Scientific Research Project Title

The Effects of Research Funding on the Rate and Direction of Science

Research Institution

Copenhagen Business School Handelshøjskolen

Copenhagen Business School Handelshøjskolen

Research field

Innovation studies

Research leader

Valentina Tartari

Associate Professor

Project title

The Effects of Research Funding on the Rate and Direction of Science

What is your project about?

Scientific research requires funding. Tighter fiscal austerity and a declining allocation for government funding for science, coupled with the increasing cost of conducting research, means that scientists need to find alternative funding sources for their work. At the same time, charities and international funding agencies are becoming more prominent in the funding landscape. The prevailing policy rhetoric that “all money is green” fails to acknowledge the complex choices researchers need to make when deciding what research to conduct and how, and how those decisions will impact the science that is conducted and even how it will be translated into technological innovations and ultimately progress. The aim of this project is to investigate how funding characteristics and outcomes impact researchers’ activities and careers.

How did you become interested in your particular field of research?

Since writing my master thesis in economics, I have been studying universities and the researchers that work in them. In recent years, I have become increasingly interested in the role of institutions in the organization of scientific work. One of these key institutions is the grant system. From the patronage allowing Galileo's astronomical observations to the early governmental grants sponsoring Babbage's difference engine, to the investigator-initiated, peer-reviewed scientific grants that emerged shortly after WWII, and the recent shift towards “mission-oriented” research, the system of science funding is continuously evolving. I find the question of how this constant evolution affects scientific production particularly fascinating.

What are the scientific challenges and perspectives in your project?

Despite the crucial role funding plays in the production of science, literature in this area is only starting to address questions regarding the increasing variety of funding mechanisms and outcomes for individual scientists and, more generally, the rate and direction of scientific research. Scientific funding represents a multifaceted system in which a variety of actors operates, and studying it requires taking into account the complexity of the multilevel and dynamic relationships at play. This means that in order to achieve my goals, this project will include a large-scale and intensive data collection effort of funding, career, and scientific productivity data at multiple points in time using a wide range of data collection methods.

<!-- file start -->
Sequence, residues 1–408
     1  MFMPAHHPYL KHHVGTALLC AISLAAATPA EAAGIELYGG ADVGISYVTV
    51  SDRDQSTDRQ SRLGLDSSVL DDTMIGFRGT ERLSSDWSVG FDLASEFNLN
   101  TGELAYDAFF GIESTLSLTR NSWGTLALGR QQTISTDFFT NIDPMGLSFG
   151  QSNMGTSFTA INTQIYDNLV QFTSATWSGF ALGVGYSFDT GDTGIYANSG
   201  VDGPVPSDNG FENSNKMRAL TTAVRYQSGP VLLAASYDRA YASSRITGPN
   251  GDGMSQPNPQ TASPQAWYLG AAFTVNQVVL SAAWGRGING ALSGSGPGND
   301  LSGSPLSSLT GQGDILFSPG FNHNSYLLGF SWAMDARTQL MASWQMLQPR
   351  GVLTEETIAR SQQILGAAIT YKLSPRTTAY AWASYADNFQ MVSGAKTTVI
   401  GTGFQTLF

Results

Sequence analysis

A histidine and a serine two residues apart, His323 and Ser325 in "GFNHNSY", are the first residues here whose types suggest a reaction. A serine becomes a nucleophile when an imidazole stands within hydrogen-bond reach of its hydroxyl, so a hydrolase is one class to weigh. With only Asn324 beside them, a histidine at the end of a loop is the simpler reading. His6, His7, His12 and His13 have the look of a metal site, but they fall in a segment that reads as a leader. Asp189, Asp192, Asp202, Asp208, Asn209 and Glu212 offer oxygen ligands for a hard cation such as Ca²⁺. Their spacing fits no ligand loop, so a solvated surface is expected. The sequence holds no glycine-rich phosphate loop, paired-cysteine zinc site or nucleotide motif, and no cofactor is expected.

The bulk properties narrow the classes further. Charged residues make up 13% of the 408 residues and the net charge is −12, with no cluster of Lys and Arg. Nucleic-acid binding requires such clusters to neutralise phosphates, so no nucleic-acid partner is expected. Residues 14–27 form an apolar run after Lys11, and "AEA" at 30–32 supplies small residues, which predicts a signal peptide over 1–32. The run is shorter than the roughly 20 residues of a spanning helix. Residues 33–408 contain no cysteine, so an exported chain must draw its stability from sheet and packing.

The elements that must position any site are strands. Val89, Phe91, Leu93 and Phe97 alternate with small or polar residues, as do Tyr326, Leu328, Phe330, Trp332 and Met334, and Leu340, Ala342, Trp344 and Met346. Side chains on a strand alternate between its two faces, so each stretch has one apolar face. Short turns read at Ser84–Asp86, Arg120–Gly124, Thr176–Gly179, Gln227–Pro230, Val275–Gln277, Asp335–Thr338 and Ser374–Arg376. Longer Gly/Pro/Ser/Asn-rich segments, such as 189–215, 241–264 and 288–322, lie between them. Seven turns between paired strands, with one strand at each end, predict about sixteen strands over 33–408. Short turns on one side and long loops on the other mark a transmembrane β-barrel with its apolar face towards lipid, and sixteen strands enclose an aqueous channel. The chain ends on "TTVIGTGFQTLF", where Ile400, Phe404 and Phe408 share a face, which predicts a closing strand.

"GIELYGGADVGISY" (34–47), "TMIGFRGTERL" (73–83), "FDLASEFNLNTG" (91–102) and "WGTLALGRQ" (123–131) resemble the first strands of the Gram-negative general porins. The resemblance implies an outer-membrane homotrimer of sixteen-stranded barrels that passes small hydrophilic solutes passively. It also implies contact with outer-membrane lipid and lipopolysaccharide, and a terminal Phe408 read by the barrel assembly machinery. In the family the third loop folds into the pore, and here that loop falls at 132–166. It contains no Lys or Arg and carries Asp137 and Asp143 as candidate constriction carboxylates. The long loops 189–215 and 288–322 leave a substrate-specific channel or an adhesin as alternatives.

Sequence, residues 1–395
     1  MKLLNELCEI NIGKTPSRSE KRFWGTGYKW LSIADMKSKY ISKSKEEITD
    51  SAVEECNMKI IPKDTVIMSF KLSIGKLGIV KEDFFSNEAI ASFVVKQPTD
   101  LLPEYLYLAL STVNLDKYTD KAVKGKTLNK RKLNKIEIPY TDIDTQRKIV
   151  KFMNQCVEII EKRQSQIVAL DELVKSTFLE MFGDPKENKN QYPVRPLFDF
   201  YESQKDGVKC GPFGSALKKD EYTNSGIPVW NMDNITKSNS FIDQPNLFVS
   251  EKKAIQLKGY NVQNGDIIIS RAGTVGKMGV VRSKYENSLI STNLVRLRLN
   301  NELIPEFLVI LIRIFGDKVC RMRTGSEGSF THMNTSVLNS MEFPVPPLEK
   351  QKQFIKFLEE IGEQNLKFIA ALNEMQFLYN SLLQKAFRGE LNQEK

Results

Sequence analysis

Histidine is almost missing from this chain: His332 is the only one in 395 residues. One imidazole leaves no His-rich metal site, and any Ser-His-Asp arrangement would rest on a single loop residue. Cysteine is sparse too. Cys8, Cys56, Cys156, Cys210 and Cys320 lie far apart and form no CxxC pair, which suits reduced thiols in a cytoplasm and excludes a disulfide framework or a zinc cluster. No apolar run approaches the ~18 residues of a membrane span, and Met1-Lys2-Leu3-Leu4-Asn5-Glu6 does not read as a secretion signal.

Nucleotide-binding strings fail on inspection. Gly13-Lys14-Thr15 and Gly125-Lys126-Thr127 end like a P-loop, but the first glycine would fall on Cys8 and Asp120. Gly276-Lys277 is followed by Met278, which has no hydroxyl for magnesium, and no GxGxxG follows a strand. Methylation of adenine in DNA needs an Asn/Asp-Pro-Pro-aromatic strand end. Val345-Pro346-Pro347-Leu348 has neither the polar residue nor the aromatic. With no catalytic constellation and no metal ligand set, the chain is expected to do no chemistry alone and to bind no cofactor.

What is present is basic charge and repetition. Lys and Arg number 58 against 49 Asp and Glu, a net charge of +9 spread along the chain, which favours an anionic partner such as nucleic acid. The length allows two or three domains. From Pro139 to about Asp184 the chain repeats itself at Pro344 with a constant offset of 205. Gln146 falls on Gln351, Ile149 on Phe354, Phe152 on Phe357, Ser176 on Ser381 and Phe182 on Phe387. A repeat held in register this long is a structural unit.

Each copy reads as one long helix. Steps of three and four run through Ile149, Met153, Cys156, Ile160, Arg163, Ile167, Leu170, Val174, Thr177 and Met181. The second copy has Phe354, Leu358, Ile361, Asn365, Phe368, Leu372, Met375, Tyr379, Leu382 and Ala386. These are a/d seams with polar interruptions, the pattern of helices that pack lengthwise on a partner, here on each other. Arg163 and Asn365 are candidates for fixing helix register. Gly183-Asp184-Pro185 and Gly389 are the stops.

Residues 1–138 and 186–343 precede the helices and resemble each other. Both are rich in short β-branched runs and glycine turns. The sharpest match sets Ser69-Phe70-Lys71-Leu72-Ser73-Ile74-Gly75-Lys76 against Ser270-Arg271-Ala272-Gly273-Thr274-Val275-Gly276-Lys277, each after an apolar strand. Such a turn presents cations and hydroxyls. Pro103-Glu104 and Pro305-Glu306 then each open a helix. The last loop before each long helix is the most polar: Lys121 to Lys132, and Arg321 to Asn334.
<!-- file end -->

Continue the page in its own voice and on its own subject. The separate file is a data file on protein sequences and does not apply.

What is your estimate of the impact, which your project may have to society in the long term?

All stakeholders with an interest in the management, conduct, and direction of science should be interested in understanding the effects of different funding arrangements on research content. For example, one part of the project will investigate the effect of funding rejections of researchers’ behaviors. With some public funding schemes already providing funding to fewer than 10% of applicants, an increasing number of researchers will experience rejection following their request for funding. From previous work, we know that different groups may react differently to rejection. Analyzing what happens after rejections to the career trajectories of those groups is crucial to understand how the funding system may be responsible for exacerbating or reducing inequalities in science. Only by understanding the precise mechanisms behind the problems we experience in science, we will be able to design effective policies to address them.

Which impact do you expect the Sapere Aude programme will have on your career as a researcher?

This Sapere Aude grant is an important stepping-stone to fulfil my ambition of creating, growing and sustaining a research group devoted to the study of scientific knowledge creation and to make it a leading hub worldwide within the field of innovation studies.

Background and personal life

I was born in Italy and I got my PhD in the United Kingdom, but I have also studied and worked in many different European countries before moving to Denmark in 2012. I live in Copenhagen with my Italian husband and our trilingual 6-years-old daughter. In my spare time, I like to be creative, to learn about new technologies, and to travel to new places.

City of your current residence

Copenhagen

High school

Liceo Scientifico Leonardo da Vinci Treviso (Italy)